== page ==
Prioritizing and Microservices
Date Published: 15 June 2021
It's not unusual to have different levels of prioritization in backend systems. Imagine you have a process that generates and sends reports that users have requested. Some of these might be low-priority reports that are simply generated periodically so they're available to view, while others might be generated on demand, with a user actively waiting for the results. These could be further differentiated based on the user's role or whether they're a free user or a paying subscriber, etc.
How might such a system be architected?
If you just have a single web server in which everything is in process, then you probably don't have much of a way to deal with these issues. Your web server will attempt to serve requests as they come in, and if some of those requests are being triggered by a service somewhere (cron job) that makes requests on a schedule to generation of prepared reports, and others are being made by free and paid users, the server is going to give all of these requests equal weight. And eventually it's going to reach a scalability limit and things are going to get rapidly slower for all users involved.
The system basically looks like this:
The first step to enable prioritization, then, is to decouple the handling of requests from their completion. We can't change the way HTTP works and even low-priority users should have their requests processed in a timely manner, even if the final product of their request isn't immediately available. So instead we'll complete the request quickly and let the user know their request has been received, and that they should check their inbox for the requested report when it's ready (or for the scheduled jobs, they will simply be published to their destination).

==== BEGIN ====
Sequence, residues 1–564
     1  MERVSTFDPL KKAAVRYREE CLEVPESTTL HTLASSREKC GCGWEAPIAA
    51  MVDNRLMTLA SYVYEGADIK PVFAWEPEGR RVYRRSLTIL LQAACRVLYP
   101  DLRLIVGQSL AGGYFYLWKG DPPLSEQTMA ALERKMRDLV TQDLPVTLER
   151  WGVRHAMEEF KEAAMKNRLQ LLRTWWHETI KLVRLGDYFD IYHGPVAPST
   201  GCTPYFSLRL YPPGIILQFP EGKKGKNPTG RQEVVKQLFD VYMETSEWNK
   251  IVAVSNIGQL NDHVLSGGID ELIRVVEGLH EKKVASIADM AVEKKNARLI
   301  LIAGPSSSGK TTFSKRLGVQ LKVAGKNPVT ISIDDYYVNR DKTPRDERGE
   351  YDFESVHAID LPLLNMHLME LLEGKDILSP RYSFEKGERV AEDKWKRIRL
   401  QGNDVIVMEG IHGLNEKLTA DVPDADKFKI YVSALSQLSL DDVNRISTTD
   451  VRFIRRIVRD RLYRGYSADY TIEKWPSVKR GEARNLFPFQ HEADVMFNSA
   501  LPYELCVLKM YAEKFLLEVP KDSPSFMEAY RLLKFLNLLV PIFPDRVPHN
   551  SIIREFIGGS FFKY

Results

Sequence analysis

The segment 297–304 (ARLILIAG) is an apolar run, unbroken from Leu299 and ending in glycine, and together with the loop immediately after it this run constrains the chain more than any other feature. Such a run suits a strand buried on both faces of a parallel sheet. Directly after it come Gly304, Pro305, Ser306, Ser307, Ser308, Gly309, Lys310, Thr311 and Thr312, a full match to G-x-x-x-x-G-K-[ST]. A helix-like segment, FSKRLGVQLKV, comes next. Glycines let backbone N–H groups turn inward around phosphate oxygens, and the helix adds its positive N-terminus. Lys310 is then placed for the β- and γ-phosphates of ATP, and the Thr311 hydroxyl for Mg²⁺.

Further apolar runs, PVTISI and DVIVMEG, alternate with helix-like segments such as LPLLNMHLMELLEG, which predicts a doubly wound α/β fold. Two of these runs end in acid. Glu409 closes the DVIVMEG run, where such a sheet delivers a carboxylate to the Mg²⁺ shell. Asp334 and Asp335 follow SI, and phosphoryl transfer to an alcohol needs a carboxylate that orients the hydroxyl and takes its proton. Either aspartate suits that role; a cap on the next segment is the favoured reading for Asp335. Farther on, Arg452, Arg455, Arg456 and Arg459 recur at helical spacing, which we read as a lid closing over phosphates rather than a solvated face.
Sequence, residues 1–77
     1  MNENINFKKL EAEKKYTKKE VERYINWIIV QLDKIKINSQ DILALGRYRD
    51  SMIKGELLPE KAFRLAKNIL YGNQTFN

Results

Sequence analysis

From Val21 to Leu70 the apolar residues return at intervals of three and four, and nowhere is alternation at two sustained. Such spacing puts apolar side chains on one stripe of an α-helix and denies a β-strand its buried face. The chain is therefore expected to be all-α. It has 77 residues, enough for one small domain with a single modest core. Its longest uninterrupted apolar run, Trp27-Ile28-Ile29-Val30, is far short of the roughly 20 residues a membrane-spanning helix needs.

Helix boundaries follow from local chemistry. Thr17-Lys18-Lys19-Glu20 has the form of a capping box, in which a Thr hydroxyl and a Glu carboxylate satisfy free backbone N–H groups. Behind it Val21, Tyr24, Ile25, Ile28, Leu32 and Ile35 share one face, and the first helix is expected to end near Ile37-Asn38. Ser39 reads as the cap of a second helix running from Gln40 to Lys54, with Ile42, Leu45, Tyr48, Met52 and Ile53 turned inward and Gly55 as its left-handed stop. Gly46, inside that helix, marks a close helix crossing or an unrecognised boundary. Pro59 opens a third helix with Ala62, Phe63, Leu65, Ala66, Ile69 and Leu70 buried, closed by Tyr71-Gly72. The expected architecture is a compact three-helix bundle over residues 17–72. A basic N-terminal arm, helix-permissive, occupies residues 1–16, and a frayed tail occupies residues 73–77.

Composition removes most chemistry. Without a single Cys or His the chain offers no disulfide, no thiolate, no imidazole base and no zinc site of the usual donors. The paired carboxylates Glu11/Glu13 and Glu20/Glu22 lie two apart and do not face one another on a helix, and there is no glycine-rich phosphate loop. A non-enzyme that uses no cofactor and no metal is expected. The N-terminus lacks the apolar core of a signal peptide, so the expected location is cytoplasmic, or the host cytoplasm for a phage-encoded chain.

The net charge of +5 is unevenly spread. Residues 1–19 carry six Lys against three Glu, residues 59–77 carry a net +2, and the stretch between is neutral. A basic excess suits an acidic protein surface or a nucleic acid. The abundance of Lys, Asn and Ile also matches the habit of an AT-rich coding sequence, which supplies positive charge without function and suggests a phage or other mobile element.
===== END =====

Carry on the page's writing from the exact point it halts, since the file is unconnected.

Separate Web Server and Backend Processor
One approach to the problem now is to have each request complete quickly, but generate a command which is placed into a priority queue. The priority queue pattern is a variation of a typical First-In-First-Out (FIFO) message queue, except that new messages are inserted into the existing queue ahead of less important messages. Typically priority 1 is the most important, and so these messages are placed into the queue in front of priority 2 or priority 3 messages. If you've been to an amusement park where some folks have a "fast pass" ticket or wristband that let's them cut in line, it's that same sort of idea.
The "fast pass" holders still have a queue, but they only need to wait behind other pass holders (though in the real world scenario the constrained resource - the ride - splits its availability between fast passers and non-fast passers because otherwise the lower priority riders would never get to ride).
Adding a priority queue to the webserver-based system yields this architecture:
At this point, as far as we know, the commands should be processed in priority order. Assuming the report generating and sending service only pulls new items from the queue as it completes other requests, it should always pull the most important command next. If it doesn't behave this way, and instead it pulls things from the queue faster than it processes them, it's possible that lower-priority items might impact the processing of higher priority ones.
There's also the potential problem that lower priority commands may starve and never be processed, or at least not for a long, long time, if there are always higher priority commands coming in. This is exactly why amusement parks don't just let fast pass-holders cut directly into the front of the line of non-pass holders, but instead they throttle both queues and alternate pulling riders from each according to some policy or algorithm. With cloud services and "infinite scale", though we can configure multiple back end processes to serve each queue, so in effect riders in each queue would be waiting for separate but identical rides.